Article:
We recently completed a case–control study of 100 literally homeless and 100 never homeless indigent schizophrenic men in New York City, in which concurrent substance abuse and antisocial personality disorder were widespread. In this paper we probe the correlates of ‘pure’ schizophrenia (single disorder, N = 60), schizophrenia and substance abuse (double disorder, N = 89), and schizophrenia, substance abuse, and antisocial personality disorder (triple disorder, N = 50), across the homeless/never homeless distinction. Subjects were recruited from a homeless shelter and mental health service programmes in Upper Manhattan. Psychologist and social worker interviewers administered the Structured Clinical Interview for DSM-III-R, I, and II and other structured instruments to explore social, family and illness history, the current illness, and aspects of treatment and family support. Codisorder subjects emerged from more disadvantaged family backgrounds, experienced greater school difficulties, began drug use in early adolescence, were more prone to hyperactivity in childhood, and were more likely to have spent time in jail. While codisorder groups did not differ on key aspects of schizophrenia, the triple disorder group was found to suffer from a more severe form of substance abuse than double disorder subjects, associated with an earlier age of onset and abuse of a wider array of substances.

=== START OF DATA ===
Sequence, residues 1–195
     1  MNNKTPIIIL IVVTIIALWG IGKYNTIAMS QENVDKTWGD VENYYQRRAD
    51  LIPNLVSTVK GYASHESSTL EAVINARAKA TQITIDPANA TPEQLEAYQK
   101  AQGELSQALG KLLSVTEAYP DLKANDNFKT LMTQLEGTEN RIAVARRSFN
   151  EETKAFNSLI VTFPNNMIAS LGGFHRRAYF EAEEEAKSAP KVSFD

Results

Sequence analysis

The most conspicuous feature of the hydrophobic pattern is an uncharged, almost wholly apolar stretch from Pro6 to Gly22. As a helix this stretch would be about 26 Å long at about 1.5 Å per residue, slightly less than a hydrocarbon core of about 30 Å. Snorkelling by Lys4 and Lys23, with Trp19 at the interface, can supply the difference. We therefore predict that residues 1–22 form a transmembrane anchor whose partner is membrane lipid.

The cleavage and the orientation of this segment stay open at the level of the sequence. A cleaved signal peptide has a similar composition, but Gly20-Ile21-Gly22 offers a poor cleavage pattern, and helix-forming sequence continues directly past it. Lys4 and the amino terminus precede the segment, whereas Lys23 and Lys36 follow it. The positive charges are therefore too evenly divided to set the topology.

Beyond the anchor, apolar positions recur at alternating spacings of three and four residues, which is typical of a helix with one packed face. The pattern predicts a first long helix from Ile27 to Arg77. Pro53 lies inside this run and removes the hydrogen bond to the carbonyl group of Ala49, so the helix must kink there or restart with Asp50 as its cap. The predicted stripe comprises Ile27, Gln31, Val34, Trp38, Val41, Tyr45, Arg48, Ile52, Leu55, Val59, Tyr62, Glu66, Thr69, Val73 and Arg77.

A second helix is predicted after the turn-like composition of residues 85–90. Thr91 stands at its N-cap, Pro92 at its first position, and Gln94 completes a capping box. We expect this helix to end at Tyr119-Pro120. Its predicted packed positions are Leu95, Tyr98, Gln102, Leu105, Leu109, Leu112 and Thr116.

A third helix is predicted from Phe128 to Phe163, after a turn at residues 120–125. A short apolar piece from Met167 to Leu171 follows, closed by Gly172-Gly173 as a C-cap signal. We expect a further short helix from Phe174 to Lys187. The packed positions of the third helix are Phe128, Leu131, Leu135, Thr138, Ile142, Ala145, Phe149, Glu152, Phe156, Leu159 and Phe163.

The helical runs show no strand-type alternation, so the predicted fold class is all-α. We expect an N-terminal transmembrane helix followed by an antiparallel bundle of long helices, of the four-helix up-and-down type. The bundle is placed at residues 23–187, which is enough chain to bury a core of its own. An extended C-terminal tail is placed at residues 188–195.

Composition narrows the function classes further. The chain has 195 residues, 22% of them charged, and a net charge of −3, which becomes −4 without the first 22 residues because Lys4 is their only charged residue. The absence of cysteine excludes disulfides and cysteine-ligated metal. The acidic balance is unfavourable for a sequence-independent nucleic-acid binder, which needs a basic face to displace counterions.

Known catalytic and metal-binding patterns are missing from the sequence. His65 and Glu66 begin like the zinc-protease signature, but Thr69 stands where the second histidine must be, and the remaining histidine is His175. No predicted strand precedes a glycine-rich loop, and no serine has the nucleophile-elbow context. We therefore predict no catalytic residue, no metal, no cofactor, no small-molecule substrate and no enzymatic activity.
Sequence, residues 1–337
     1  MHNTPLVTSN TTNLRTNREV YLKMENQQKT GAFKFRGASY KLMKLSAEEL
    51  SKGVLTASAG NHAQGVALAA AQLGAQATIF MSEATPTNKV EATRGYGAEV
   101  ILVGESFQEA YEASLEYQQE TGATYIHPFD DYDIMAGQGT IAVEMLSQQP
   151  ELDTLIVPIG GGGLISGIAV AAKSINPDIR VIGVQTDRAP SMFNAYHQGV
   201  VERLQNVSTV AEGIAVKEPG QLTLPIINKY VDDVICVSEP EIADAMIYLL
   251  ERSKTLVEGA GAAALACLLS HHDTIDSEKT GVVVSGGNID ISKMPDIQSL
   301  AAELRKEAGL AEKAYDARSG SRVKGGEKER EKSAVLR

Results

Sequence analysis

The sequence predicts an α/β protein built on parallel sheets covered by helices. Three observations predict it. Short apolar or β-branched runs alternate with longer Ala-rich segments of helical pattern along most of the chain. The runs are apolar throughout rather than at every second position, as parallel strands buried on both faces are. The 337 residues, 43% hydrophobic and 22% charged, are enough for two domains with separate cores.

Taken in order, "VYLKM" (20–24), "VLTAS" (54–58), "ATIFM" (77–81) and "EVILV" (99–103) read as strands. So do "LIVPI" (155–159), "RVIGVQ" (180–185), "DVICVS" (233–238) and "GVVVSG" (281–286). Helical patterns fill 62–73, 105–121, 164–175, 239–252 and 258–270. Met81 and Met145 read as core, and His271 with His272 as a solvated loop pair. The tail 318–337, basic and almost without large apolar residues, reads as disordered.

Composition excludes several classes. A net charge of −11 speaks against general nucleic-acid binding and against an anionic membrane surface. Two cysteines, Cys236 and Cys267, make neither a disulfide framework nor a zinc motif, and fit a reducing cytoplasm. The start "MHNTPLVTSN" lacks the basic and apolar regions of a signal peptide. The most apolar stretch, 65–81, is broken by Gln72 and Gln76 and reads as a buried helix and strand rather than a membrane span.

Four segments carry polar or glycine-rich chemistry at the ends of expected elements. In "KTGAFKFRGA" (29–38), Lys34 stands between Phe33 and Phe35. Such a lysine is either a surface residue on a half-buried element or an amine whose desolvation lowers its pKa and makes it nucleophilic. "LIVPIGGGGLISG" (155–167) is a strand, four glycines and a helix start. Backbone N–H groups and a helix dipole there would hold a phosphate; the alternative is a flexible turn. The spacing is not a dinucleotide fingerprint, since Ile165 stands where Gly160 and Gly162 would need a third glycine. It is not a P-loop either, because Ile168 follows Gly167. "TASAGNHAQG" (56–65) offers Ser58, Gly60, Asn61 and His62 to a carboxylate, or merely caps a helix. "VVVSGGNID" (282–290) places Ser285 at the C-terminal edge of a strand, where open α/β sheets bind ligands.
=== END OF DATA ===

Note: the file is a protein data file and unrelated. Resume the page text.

The widespread prevalence of codisorders among indigent schizophrenic men has major significance for clinical psychiatry. Study of the correlates of codisorders has revealed important differences in social, family, and illness history which may guide the development of more effective treatments and improved service delivery.